When discussing speeds of RAM or a CPU, it's not useful to know how much data flows through these devices per second... we simply want to know how fast the device operates, and we do that as a measure of Hertz. Why would someone want to measure these devices in terms of bits per second? All you want to know is whether one component processes faster than another.
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  7. greenbrucelee
    Highly Decorated Member Award

    greenbrucelee Zettabyte Poster

    JUst to add say a processor is 2.4GHz this is to with the clock cycle
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  8. Mathematix

    Mathematix Megabyte Poster

    Hz is a measure of frequency, that is how many times a source resonates per second. What does 'resonate' mean? When something resonates it vibrates, and the rate at which this vibration, that is the complete cycle of a sine wave. See this link.

    Bit per second is a measure of data throughput that is limited by the frequency at which a device operates in conjunction with its bandwidth and various algorithms (such as compression algorithms) that are used to increase throughput.
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  9. dmarsh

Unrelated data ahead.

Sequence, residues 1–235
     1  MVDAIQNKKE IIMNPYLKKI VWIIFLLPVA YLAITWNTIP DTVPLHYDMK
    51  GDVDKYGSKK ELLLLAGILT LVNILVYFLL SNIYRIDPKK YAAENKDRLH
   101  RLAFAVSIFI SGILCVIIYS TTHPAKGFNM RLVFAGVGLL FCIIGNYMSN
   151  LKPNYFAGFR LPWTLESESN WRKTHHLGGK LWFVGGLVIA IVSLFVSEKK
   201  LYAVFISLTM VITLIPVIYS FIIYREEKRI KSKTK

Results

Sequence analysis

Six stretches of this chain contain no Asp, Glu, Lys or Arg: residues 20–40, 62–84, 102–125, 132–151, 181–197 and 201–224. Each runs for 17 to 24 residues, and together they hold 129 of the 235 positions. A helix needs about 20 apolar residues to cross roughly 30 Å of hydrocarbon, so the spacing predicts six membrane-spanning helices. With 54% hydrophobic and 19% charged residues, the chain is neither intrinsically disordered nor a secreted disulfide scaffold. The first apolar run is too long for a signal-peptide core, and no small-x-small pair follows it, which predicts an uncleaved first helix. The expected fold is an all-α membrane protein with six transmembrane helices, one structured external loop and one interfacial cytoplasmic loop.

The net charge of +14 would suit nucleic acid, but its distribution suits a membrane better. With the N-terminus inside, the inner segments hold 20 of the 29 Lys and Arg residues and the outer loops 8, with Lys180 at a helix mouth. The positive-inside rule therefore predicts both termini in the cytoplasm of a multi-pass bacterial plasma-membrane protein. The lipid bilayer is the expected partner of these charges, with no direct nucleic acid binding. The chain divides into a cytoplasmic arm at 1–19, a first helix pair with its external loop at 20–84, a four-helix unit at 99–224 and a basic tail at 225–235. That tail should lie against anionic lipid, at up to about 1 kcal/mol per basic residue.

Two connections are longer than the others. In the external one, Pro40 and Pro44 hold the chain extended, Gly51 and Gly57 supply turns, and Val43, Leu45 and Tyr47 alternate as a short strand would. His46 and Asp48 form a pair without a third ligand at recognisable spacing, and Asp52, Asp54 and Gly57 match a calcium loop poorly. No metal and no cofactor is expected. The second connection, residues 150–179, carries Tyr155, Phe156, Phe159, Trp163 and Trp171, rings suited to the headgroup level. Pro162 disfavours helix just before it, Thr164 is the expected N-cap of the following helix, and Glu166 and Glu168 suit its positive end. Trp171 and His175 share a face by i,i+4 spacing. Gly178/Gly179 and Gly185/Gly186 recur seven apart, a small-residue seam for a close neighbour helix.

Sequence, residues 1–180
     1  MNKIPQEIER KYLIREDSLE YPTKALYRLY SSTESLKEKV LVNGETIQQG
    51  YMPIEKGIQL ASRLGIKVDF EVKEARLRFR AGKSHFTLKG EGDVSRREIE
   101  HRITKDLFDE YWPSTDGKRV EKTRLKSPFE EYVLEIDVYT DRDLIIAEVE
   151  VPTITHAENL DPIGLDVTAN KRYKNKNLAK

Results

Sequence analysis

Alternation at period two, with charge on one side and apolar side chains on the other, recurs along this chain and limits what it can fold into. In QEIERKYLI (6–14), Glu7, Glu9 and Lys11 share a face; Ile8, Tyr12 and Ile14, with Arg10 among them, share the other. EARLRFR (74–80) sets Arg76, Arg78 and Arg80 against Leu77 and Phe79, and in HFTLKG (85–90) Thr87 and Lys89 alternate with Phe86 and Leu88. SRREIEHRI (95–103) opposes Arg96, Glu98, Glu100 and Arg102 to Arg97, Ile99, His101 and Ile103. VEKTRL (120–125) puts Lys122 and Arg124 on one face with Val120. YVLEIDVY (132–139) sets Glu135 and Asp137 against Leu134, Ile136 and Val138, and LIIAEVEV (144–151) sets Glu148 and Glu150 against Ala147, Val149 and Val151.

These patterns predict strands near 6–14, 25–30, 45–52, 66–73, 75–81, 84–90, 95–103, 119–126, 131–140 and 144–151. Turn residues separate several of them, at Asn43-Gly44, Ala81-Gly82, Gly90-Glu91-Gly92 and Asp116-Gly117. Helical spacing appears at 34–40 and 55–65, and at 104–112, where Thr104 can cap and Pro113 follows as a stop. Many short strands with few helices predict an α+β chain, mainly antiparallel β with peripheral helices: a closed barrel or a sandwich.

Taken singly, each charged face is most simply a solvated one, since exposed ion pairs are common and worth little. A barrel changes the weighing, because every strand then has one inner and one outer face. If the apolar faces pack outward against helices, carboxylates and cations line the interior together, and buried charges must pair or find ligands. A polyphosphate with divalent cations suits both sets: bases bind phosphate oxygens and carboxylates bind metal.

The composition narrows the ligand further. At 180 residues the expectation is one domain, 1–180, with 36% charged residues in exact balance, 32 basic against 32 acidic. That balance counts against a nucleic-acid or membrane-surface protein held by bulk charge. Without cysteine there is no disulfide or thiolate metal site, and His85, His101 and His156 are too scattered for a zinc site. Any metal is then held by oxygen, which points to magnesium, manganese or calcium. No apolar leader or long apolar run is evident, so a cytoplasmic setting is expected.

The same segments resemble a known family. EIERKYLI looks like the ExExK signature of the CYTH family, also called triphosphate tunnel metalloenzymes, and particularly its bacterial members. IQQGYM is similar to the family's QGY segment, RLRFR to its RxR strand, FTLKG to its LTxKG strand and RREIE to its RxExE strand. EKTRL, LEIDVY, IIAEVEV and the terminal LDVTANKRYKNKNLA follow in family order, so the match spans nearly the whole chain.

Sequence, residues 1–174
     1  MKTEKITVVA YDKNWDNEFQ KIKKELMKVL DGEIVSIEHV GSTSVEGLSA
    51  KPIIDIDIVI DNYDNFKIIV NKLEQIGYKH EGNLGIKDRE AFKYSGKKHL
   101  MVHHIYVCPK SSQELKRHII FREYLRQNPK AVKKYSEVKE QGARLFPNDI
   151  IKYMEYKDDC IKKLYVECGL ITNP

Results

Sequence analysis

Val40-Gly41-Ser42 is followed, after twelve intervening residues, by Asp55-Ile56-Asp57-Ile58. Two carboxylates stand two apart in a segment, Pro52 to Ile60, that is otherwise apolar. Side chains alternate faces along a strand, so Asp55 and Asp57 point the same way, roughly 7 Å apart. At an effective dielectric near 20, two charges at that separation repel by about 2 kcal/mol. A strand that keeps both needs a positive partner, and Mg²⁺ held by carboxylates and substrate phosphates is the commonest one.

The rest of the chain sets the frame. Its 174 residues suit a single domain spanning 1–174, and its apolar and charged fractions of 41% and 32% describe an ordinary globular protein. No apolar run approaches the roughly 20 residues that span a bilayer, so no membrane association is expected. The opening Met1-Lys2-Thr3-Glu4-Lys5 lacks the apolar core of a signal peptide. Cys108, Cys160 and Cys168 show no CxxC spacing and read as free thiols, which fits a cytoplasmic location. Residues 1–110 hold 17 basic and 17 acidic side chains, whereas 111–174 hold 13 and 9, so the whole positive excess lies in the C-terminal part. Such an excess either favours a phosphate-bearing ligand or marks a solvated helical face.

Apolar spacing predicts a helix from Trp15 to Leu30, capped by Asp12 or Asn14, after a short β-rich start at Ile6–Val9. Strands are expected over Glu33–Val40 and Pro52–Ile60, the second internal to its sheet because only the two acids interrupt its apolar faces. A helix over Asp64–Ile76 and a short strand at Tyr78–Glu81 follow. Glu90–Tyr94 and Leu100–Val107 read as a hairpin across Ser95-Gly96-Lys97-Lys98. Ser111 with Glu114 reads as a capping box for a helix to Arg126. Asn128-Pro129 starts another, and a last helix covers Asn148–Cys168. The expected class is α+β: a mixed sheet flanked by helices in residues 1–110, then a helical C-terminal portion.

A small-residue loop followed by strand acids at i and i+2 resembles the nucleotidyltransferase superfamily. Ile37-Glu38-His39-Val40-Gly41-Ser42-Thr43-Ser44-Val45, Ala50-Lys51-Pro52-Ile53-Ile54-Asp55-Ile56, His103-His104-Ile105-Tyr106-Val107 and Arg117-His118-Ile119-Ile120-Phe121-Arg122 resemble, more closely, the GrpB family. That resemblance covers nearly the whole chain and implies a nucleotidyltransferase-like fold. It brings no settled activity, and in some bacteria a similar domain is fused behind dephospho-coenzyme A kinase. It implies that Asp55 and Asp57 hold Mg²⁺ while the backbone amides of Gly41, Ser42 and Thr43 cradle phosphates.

dmarsh Terabyte Poster

    All good explanations.

    You should have picked this up in basic physics 101. Hertz = cycles per second.

    All computers have a 'system clock', this is normally a quartz crystal oscilator like you get in a digital watch.

    This is not a clock in the regular sense (there is also an on board clock chip), it is a square wave signal generator.

    The computer is a state machine, changes in state are generally allowed once per clock cycle. The faster the cycle the more changes can occur faster.

    The processor and memory generally run off the same system clock. Only nowadays we have multipliers so i imagine the clock signal is divided by the cpu or memory controller?

    I'm sure an electronics engineer could give a fuller explanation...

    The NIC will also operate at one or more frequencies, but just as BM says its not considered the most important factor.
    Just as Hz is not always a good measure of processor speed the same can be said of other circuits.